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Options Applegate House Outstanding

A review of one or more of the ratings contained within the inspection report has been carried out at the request of the provider. Further to the review the ratings within this report have changed.

Reports


Inspection carried out on 23 June 2017

During a routine inspection

Applegate House is a care service providing accommodation and personalised support for up to six younger adults with autistic spectrum conditions, learning disabilities and complex needs, based in the local community of Barton-upon-Humber.

It is an autism specific transitional service where life-long learning can be developed further, including social and domestic skills, along with community and leisure facility access. Based on the philosophy of the organisation, ‘Fitting a service around you, not fitting you within a service,’ flexible staffing and personalised programmes enabled and promoted people to live as independently as possible. This philosophy was embraced by the staff team and drove staff practice in their delivery of care.

Accommodation is provided in six self-contained flats each with a bedroom, en-suite bathroom, kitchen/diner and lounge.

At the last inspection, the service was rated Outstanding.

At this inspection we found the service remained Outstanding.

We saw the provider was committed to personalising the services they provided and also to following the recommendations outlined in ‘Putting People First’ (a shared vision in transforming adult social care to put people first through a radical reform of public services, enabling people to live their own lives as they wish, confident that services are of high quality, are safe and promote their own individual needs for independence, well-being and dignity.) and the Autism Act (2009). The service was accredited with the National Autistic Society (NAS), which drove best practice to deliver outstanding care to people who used the service.

There was a strong person-centred culture apparent within the service. Person centred means care is tailored to meet the needs and aspirations of each individual. Positive risk taking was driven throughout the organisation, balancing the potential benefits and risks choosing particular actions over others, in order to support people to lead fulfilling lives in as ordinary a way as possible. In delivering this consistent approach people were supported to try new things and make positive changes in their lives. The provider, the registered manager and the staff team all had an excellent understanding of positive risk management and supported people that had previously challenged services to reach their full potential.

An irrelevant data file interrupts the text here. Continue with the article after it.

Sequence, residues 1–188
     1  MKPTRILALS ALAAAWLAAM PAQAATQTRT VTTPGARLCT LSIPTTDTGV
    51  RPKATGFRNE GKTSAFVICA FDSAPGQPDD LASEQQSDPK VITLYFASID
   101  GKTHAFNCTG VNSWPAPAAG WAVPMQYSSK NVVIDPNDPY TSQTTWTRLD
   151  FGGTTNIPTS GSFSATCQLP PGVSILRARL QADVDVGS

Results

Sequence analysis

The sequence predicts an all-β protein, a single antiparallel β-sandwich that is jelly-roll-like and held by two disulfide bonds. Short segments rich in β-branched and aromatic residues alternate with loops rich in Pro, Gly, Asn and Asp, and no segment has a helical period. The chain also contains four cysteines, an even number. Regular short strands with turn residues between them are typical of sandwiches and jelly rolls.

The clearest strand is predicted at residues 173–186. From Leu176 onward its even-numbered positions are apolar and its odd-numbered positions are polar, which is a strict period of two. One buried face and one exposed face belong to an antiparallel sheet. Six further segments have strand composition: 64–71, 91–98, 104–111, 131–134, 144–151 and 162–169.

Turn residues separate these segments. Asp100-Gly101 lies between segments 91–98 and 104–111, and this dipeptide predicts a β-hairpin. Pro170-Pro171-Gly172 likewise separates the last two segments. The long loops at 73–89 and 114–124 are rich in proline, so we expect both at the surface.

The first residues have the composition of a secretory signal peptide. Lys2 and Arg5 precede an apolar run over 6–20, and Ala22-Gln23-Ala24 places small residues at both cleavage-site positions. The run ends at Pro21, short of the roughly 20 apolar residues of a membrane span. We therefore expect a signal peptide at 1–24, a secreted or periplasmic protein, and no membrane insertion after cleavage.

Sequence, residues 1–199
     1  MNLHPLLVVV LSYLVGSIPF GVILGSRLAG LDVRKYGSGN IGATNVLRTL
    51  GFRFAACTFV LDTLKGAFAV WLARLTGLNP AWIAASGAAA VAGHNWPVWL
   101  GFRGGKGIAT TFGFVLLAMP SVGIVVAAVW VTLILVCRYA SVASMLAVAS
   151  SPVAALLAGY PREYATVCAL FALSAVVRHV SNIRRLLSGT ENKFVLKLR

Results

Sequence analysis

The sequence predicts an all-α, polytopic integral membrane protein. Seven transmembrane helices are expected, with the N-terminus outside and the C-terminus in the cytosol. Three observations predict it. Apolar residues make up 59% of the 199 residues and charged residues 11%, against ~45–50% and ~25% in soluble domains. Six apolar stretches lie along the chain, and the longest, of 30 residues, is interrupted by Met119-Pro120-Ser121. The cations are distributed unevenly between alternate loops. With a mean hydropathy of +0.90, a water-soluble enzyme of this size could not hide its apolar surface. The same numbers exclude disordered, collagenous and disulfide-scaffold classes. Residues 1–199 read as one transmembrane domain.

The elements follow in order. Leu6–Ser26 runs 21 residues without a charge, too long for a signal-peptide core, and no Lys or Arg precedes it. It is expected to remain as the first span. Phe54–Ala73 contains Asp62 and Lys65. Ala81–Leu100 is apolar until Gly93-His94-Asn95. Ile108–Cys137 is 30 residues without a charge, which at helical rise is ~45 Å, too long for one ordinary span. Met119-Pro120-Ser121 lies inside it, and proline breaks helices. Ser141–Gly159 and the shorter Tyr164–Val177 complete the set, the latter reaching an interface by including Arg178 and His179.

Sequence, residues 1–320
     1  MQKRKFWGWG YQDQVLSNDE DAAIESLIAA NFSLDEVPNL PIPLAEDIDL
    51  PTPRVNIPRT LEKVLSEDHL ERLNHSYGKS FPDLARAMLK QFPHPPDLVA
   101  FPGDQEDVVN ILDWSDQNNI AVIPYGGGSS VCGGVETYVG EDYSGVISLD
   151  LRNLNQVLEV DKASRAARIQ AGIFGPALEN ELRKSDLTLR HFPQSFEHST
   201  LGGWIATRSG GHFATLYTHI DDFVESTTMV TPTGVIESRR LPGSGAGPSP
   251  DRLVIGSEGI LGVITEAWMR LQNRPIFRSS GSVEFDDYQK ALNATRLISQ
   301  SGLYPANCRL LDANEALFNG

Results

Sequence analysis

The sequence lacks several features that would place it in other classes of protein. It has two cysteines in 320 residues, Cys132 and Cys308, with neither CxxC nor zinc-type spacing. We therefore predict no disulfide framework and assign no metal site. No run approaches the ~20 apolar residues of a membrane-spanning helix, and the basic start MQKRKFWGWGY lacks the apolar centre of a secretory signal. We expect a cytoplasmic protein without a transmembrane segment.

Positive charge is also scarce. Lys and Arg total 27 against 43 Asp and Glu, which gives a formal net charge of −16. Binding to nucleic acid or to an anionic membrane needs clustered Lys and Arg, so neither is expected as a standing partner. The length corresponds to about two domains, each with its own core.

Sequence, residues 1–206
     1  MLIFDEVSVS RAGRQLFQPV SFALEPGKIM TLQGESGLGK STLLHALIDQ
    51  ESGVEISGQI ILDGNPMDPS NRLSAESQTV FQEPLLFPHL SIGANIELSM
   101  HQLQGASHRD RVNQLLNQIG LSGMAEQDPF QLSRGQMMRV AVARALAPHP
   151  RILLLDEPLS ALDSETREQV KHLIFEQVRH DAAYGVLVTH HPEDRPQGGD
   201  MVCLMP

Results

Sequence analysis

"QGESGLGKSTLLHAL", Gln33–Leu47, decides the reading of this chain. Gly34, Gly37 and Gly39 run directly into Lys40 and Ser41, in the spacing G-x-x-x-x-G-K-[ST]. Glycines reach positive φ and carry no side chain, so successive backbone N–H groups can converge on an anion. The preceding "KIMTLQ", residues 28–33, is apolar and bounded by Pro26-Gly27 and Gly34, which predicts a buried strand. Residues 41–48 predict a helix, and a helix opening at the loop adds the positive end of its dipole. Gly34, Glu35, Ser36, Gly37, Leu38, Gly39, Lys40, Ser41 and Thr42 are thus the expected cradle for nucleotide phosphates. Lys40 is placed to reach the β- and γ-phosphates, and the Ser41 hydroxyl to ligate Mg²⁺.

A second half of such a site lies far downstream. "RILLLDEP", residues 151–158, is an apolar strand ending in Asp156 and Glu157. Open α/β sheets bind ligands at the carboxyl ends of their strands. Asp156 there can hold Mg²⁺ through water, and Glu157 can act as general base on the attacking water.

An outstanding feature of the service was the time invested developing the service to accommodate the changing needs of the people who used the service, using innovative and flexible ways to move people forward. The registered provider was seen to constantly adapt and strive to ensure people were able to achieve their full potential.

The registered manager demonstrated strong values and a desire to continue to learn about and implement best practice throughout the service and also shared their skills to support other registered providers to develop their services.

We found personalised programmes and flexible staffing arrangements enabled people to learn to live fulfilled and meaningful lives. Staff knew people well and were skilled at ensuring people were safe whist encouraging them to stretch their potential and achieve as much independence as possible. Care plans had been developed to provide guidance for staff to support in the positive management of behaviours that may challenge the service and others. This was based on least restrictive practice guidance to support people safety.

Robust systems were in place to protect people from the risk of harm or abuse. People who used the service were supported by staff who understood the importance of protecting them from harm. Staff had received training in how to identify abuse and report this to the appropriate authorities. Staff were recruited in a safe way and all checks were in place before they started work. The staff had received an induction and essential training at the beginning of their employment and we saw this had been followed by periodic refr

Inspection carried out on 15 December 2014

During a routine inspection

We undertook this inspection on 15 December 2014 and the inspection was unannounced, which meant the registered provider did not know we would be visiting the service.

The service was last inspected on 6 September 2013 and was meeting all the regulations assessed during the inspection.

The registered provider is required to have a registered manager in post and on the day of the inspection there was a manager registered with the Care Quality Commission (CQC); they had been registered since 15 May 2013. A registered manager is a person who has registered with the Care Quality Commission to manage the service. Like registered providers, they are ‘registered persons’. Registered persons have legal responsibility for meeting the requirements in the Health and Social Care Act 2008 and associated Regulations about how the service is run.

Applegate House is a community support service providing accommodation and personal care for up to six younger adults with a learning disability and autistic spectrum disorder. There were four people living at the service on the day of our visit. Applegate House consists of six individual self–contained flats each with a bedroom, en-suite bathroom, kitchen/diner and lounge.